Half Moon Bay Surfers - Attention: There¹s a movement afoot to dredge sand out of the Pillar Point (i.e. Half Moon Bay) Harbor and dump it just south of the jetty, so it will replenish all sand that¹s disappeared between the harbor and HMB. The guy who¹s spearheading the project, Brian Overfelt, has already received a positive preliminary reading from the local harbor commissioners. He¹s making a formal presentation to the Monterey Bay National Marine Sanctuary¹s advisory council this coming Friday (2/15) at Our Lady of Pillar church in Half Moon Bay. (It's on Kelly Ave, just east of the Coast Highway, across the street from Cunha Intermediate School.) starting at 9 AM. More details here: http://www.stormsurf.com/page2/forecast/forecast/hmb_dredge.html

Need Chiropractic Help? Visit our friends at Darrow Chiropractic. Not only will Dr. Darrow fix you up, he might give you some big wave surfing tips too! See more here: http://www.darrowchiropractic.com/

Grib File Switchover: The old grib1 format wave model datafiles that have been the mainstay of the National Weather service for years now are scheduled to be retired on 1/26. We switched over to the new grib2 files starting with the 00z run of Thurs 1/17. All appears to be running fine. There is no functional change to the content of the models, just that files we receive are now smaller due to improved compression of grib2. But this sets us up to start processing new higher resolution files and building new products in the months ahead. So in all it's a good maintenance level change.

Sharkwater: There's a new feature film called Sharkwater that is hitting theaters November 2nd. Sharkwater is an award winning documentary (22 international film awards including the UN and Cannes) that broke box office records in Canada, opening to bigger numbers than any documentary in history save Fahrenheit 911 and Supersize Me. It is a conservation film that demonstrates that the biggest influence on the air we breathe, and global warming is life in the oceans except life in the oceans is being wiped out. Shark populations have dropped 90% in the last 30 years alone, and the oceans continue to be destroyed because nobody knows that it's happening Learn more here: http://www.sharkwater.com

Bluewater Gold Rush: The first and only chronicle of the California sea urchin dive fishery. Diving, surfing, comedy, and tragedy on and under the waves of California. "A quintessential tale of California ... dramas of adventure and loss on and under the sea" We read it and it's a great story about the bloom of the urchin diving boom in the 70's and the few lucky souls who were right there when it took off. An easy read that's hard to put down. The trials and success of a 'real' California dream right down to it's core. Check it out here: http://www.bluewatergoldrush.com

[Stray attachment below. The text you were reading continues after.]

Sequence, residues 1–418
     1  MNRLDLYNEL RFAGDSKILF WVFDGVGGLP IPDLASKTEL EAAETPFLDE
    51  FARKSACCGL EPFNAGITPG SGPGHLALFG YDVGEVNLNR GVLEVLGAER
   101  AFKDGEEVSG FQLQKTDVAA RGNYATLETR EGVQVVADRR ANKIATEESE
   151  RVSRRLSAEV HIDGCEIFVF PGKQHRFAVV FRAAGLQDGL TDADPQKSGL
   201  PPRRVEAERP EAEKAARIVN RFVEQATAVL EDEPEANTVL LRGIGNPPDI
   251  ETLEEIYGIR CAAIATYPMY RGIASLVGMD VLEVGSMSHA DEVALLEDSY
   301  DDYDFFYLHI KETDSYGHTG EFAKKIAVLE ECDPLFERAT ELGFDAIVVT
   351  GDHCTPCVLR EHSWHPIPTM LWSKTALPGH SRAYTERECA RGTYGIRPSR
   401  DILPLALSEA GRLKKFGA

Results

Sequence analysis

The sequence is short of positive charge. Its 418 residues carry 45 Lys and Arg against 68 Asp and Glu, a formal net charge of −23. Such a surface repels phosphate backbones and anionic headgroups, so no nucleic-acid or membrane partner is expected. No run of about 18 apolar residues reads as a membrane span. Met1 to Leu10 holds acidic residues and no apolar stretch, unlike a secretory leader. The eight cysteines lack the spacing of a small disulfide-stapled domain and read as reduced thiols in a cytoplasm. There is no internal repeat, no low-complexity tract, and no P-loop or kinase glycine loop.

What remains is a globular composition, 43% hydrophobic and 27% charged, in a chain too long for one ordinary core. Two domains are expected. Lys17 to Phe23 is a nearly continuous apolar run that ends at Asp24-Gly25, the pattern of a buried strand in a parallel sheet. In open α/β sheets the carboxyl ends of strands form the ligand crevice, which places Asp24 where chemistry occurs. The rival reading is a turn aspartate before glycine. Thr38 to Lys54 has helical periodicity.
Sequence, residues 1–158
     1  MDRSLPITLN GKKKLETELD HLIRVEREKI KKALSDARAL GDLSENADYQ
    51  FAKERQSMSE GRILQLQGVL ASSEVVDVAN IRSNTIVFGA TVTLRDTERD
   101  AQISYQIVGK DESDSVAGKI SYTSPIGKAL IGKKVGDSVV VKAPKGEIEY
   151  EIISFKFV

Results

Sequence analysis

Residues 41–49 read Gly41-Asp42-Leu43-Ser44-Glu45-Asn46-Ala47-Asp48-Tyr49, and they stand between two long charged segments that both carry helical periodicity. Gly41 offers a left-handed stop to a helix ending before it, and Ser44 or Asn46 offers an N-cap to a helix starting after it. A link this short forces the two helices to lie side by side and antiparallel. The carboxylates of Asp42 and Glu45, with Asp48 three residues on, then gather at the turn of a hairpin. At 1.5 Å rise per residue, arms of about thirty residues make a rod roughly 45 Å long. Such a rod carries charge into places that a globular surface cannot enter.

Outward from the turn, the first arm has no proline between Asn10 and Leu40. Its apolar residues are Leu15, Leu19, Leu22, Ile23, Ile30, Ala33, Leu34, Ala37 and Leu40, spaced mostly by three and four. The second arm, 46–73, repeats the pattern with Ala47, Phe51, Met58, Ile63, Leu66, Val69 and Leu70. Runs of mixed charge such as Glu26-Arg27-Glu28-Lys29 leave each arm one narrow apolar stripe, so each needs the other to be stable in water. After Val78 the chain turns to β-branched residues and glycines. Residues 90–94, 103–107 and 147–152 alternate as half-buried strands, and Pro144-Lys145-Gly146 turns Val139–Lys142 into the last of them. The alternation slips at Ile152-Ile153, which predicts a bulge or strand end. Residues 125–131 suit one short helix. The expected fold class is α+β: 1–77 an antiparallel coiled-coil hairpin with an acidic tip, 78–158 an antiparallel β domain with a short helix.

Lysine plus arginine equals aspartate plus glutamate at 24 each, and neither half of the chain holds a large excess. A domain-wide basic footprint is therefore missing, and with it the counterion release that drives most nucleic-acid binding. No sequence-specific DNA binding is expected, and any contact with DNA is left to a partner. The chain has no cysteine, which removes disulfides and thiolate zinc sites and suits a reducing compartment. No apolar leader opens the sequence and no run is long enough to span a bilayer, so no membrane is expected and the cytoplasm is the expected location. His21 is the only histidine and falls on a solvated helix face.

Submit your story to 'Surfings Greatest Misadventures: Vol. 2': DEADLINE: January 15th, 2008 Casagrande Press is seeking stories, articles, and essays on the general subject of surfing misadventure for publication in Surfings Greatest Misadventures: Volume 2. We are looking for nonfiction, first-person surf stories of bad judgment calls, pranks, comical/ironic episodes, disaster, attacking predators, misfortune, injury, loss of wit or limb, panic, critical conditions, contest meltdowns, everyday fears, surf trips gone wrong or the out-of-water episodes that surround surfing. We are looking for well-written stories that tell a good tale, reflect a culture, and develop the depth of the characters involved. We also like stories that have a tight narrative tension and a payoff at the end. Open to writers and surfers of any level. There is no fee to submit a story. We will consider previously published stories. To see more info on the first book visit www.thesurfbook.com. Submit online at www.casagrandepress.com

Waveriders Gallery: Check out this collection of high quality artwork all related to waves and the ocean. Surf Paintings, Photography, Posters, Books, Boards and exhibits all produced by a variety of top artists provide a beautiful selection of pieces to chose from. Take and look and see some of the stunning work available from these artists. http://www.waveridersgallery.net/

Stormsurf Google Gadget - Want Stormsurf content on your Google Homepage? It's simple and free. If you have Google set as your default Internet Explorer Homepage, just click the link below and a buoy forecast will be added to your Google homepage. Defaults to Half Moon Bay CA. If you want to select a different location, just click on the word 'edit', and a list of alternate available locations appears. Pick the one of your choice. Content updates 4 times daily. A great way to see what waves are coming your way!
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Surf Height-Swell Height Correlation Table